A NEW review of the badger cull has concluded its effectiveness has been overstated by the Government.

The author of the new report, Professor Charles Godfray, of Oxford University, said his findings showed the cull made “a real, but modest, effect in reducing cattle TB”, and said that the Department for Environment, Food and Rural Affairs (DEFRA) needed to be careful of “over-emphasising” the effectiveness of the cull, and the role of the badger in the spread of the disease.

Analysing results from the Randomised Badger Control Trials, carried out between 1998 and 2007, Prof, Godfray and his team of scientists reached the conclusion that whilst the cull does have an effect in reducing TB rates, it also appeared to increase the spread of the disease.

This is due to badgers moving across the country as their social structures deteriorate from the effects of the cull, which in turn sees the disease spread further across the country with the animals.

The report also emphasised the need for further investigation into the spread of TB from cattle to cattle, which Prof. Godfray said could be higher than previously thought.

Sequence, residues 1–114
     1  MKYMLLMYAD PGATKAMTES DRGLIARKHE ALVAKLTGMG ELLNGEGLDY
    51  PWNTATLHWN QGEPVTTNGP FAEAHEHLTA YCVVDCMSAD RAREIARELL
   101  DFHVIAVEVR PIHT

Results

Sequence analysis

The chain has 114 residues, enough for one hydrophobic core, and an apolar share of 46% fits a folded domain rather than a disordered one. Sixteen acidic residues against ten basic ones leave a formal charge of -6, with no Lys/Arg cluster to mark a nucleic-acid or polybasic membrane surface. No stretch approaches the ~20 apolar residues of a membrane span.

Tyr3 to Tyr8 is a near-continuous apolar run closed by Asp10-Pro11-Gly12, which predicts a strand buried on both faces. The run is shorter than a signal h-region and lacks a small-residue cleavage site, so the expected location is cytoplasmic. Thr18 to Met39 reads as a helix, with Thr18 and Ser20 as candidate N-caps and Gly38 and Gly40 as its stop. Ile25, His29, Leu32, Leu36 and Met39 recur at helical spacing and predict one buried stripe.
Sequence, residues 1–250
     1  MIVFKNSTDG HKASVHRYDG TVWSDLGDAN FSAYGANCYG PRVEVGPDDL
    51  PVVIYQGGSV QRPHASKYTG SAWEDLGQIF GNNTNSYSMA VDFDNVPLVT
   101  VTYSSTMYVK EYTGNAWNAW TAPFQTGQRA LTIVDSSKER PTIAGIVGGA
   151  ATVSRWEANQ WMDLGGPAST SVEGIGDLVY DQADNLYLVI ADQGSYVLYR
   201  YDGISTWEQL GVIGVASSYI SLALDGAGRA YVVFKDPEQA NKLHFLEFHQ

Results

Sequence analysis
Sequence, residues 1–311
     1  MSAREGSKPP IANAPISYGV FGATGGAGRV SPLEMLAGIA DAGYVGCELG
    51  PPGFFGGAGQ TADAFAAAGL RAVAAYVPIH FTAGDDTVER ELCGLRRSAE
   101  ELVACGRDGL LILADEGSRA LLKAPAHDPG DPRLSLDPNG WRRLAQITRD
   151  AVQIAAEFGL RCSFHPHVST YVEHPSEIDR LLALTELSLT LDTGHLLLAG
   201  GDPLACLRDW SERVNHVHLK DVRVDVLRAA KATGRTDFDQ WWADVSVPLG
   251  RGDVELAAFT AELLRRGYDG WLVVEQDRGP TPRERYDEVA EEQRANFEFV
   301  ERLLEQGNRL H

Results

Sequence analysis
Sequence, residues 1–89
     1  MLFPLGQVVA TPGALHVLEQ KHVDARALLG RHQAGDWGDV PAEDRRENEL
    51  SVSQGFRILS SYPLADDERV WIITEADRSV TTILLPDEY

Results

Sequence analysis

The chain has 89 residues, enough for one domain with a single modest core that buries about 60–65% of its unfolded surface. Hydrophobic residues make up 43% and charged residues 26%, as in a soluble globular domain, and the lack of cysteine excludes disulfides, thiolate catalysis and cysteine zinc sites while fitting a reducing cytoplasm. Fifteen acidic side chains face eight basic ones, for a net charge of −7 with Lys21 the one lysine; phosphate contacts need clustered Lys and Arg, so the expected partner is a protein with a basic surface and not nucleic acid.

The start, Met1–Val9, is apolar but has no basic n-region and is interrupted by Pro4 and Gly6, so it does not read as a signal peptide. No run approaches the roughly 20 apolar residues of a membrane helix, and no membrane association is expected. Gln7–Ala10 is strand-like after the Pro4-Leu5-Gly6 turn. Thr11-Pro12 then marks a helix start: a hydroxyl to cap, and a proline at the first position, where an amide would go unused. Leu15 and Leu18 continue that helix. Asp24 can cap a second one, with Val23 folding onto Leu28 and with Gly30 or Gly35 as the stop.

He also called on the livestock industry to help control the disease and “take more ownership of the problem”.

This, he said, could be achieved through better managing of on-farm biosecurity measures and better information being given to farmers about disease prevention and safer trading practices.

The report also suggested that the Government conduct further research into alternative ‘tools’ against the TB, which he thinks will be more effective than the cull. These alternatives include: vaccinating uninfected badgers against TB, reducing the likelihood of new infections amongst their colonies, and further developing badger fertility control, which will reduce the number of infected badgers born.

Prof. Godfray’s findings contradict the Government’s DEFRA report, published on its TB Hub, that the cull’s effectiveness “lies between 52per cent and 100 per cent, with an average of about 80per cent sensitivity at standard interpretation”.

DEFRA minster George Eustice said: “We welcome this review of the Government’s 25-year Bovine TB strategy and I extend my thanks to Sir Charles Godfray and his team for their hard work in producing the report.

“As a Government we are committed to eradicating bTB and have always been clear that there is no single measure for tackling it.

“That’s why we have pursued a range of interventions, including cattle movement controls, vaccinations and controlled culling in certain areas.”